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Effective Japanese Usage Guide: A Kodansha Dictionary
Effective Japanese Usage Guide: A Kodansha Dictionary
by Masayoshi Hirose
Edition: Paperback

1 of 1 people found the following review helpful
4.0 out of 5 stars Good book, but Amazon's Price seems to be wrong, 23 Sep 2006
At the time of writing this review, Amazon quotes the RRP as 43.00. It may be useful for potential purchasors to know that the RRP is printed on my copy as 3400 JPY including Japanese sales tax. That would be just over 15 at the time of writing. I doubt there is a 280% mark-up to an English RRP. The dust jacket also mentions $38, which today stands at 20.

At 15, it's a very useful book, nicely written, and it has been a frequently used reference source to me. You might imagine that it's pretty difficult to effectively index a book which is full of usage examples, and this book certainly demonstrates that problem:

- There are plenty of indexes, but none of them attempt to index the English language meaning. So if you're starting with a Japanese word and want to see how it's used, you may well find it easily. If you're starting with an English phrase (or even word), you've got little chance of finding it by any means at all.

- Only the authors' choice of heading words are indexed. For example, the entry for "suzushii" (cool) includes a mini-article on cold temperature "tenki ga samui"; but there's no index entry or keyword for "samui" (cold) or "tenki" (weather), so if you don't happen to think of looking under "suzushii", you'll never find it.

But this is a great book to browse through. For each entry you've got the keyword and its explanation in Japanese and English, and then there are various usage examples. As hinted above, sometimes you're also treated to a mini-article on the subject of a word.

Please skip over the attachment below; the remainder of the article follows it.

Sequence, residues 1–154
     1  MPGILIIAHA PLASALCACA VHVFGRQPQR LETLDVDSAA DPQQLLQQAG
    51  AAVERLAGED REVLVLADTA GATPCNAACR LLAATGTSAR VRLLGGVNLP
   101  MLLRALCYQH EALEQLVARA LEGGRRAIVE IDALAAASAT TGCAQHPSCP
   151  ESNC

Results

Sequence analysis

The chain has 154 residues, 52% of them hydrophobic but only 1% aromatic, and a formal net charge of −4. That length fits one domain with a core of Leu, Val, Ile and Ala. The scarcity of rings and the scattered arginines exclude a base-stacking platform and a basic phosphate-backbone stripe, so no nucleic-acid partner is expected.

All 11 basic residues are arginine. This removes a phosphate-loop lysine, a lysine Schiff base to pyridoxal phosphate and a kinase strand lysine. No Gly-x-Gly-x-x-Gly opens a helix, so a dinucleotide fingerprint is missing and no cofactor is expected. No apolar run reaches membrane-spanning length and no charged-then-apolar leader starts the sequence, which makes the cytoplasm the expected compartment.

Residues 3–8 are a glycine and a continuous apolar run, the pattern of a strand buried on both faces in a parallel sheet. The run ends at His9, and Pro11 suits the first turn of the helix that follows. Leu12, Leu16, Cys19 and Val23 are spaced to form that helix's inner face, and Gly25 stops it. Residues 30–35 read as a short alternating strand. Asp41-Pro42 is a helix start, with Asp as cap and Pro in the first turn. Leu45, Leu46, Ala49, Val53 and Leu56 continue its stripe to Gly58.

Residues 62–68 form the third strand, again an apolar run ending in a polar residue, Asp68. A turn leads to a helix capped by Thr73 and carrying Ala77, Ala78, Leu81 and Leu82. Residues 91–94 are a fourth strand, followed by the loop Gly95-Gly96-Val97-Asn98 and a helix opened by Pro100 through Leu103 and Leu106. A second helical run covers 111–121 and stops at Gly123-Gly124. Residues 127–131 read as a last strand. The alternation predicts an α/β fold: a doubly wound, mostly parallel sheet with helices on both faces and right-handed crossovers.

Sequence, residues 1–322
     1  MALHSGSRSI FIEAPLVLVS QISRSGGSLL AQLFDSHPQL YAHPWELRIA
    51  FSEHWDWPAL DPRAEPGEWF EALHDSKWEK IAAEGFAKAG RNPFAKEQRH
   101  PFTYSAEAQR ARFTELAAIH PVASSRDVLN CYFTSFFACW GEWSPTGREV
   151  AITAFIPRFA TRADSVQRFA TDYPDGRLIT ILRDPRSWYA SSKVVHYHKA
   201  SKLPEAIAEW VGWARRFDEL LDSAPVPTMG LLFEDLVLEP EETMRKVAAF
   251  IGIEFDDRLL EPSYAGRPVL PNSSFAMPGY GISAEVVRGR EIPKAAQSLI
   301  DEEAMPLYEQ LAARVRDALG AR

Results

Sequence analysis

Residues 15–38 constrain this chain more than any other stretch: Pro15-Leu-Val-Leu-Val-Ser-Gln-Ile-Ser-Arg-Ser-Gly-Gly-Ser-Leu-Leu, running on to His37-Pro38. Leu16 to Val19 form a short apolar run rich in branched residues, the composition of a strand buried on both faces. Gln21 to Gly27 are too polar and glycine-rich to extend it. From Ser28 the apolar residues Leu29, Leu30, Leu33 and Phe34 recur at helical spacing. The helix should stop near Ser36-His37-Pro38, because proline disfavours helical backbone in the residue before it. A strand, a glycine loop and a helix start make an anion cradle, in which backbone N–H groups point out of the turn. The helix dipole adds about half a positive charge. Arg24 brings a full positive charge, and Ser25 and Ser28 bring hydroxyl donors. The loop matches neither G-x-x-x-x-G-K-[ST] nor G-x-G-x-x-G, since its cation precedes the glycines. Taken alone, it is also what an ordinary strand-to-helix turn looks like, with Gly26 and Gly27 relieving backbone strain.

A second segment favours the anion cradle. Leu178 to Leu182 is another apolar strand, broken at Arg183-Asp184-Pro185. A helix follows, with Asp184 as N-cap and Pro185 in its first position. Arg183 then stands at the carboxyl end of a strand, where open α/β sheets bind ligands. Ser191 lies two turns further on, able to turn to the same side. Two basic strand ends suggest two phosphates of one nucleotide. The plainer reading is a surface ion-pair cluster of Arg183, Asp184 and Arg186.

All kanji have furigana, and all examples and heading words also have romaji; so on one hand it's really easy to read, but on the other hand the "double-belt and braces" take up a lot of the books space... there aren't as many words as you might expect in 750 pages.

This also points to another conundrum with the book. It seems to be written to be accessible by people who have no knowledge of Japanese at all; but the subject matter itself is surely only of any real interest to people who have already mastered the basics. For example, it shows how hiragana is romanised, and how verbs are conjugated.

So: good reference with indexing limitations; a very accessible read for lower intermediate and intermediate levels; could do with swapping its more basic accessibility points for more vocab.


Harry Potter and the Half-blood Prince: Children's Edition (Harry Potter 6)
Harry Potter and the Half-blood Prince: Children's Edition (Harry Potter 6)
by J. K. Rowling
Edition: Hardcover
Price: 16.99

1 of 2 people found the following review helpful
3.0 out of 5 stars Continues the storyline..., 17 July 2005
Harry Potter and the Half-blood Prince is the 600-page, penultimate installment in the 7-book epic; and of course we learn valuable new insights into the fateful bonds which link Harry and Lord Voldemort.
The usual elements you've come to expect in a Harry Potter novel are all present: treachery, tragedy, conflict with the Ministry. But so much of the book is devoted to the love lives of our teenage heroes that much of it now reads like a girly magazine. Great fun for the girls, I guess; much less entertaining for most of us guys.
Anyway, the climax is no less a cliffhanger than any of the previous books. Worth reading! (Well, we have to, don't we.) (^_-)


Sams Teach Yourself XML in 21 Days (Sams Teach Yourself...in 21 Days)
Sams Teach Yourself XML in 21 Days (Sams Teach Yourself...in 21 Days)
by Steven Holzner
Edition: Paperback
Price: 26.95

6 of 7 people found the following review helpful
3.0 out of 5 stars SAMS Teach Yourself XML in 21 Days, 2 Jan 2005
A reasonably well thought-out and structured introduction to XML, as far as it goes; marred by small errors punctuated throughout the book. Most of these can be picked up quite easily, but some cost a little time and break the concentration.
It makes good use of the quizzes (with answers) at the end of each chapter, sets exercises (no model answers) and has plenty of references to external information sources.